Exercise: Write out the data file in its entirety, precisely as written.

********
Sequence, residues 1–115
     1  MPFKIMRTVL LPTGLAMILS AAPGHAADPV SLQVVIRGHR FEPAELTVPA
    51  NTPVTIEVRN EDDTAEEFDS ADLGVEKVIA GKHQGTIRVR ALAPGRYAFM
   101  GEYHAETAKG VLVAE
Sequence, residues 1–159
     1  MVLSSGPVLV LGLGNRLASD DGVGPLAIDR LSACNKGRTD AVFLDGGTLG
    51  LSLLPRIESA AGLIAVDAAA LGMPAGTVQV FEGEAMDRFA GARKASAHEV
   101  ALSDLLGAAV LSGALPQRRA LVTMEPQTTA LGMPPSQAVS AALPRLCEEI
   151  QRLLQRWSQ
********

Sequence, residues 1–115
     1  MPFKIMRTVL LPTGLAMILS AAPGHAADPV SLQVVIRGHR FEPAELTVPA
    51  NTPVTIEVRN EDDTAEEFDS ADLGVEKVIA GKHQGTIRVR ALAPGRYAFM
   101  GEYHAETAKG VLVAE
Sequence, residues 1–159
     1  MVLSSGPVLV LGLGNRLASD DGVGPLAIDR LSACNKGRTD AVFLDGGTLG
    51  LSLLPRIESA AGLIAVDAAA LGMPAGTVQV FEGEAMDRFA GARKASAHEV
   101  ALSDLLGAAV LSGALPQRRA LVTMEPQTTA LGMPPSQAVS AALPRLCEEI
   151  QRLLQRWSQ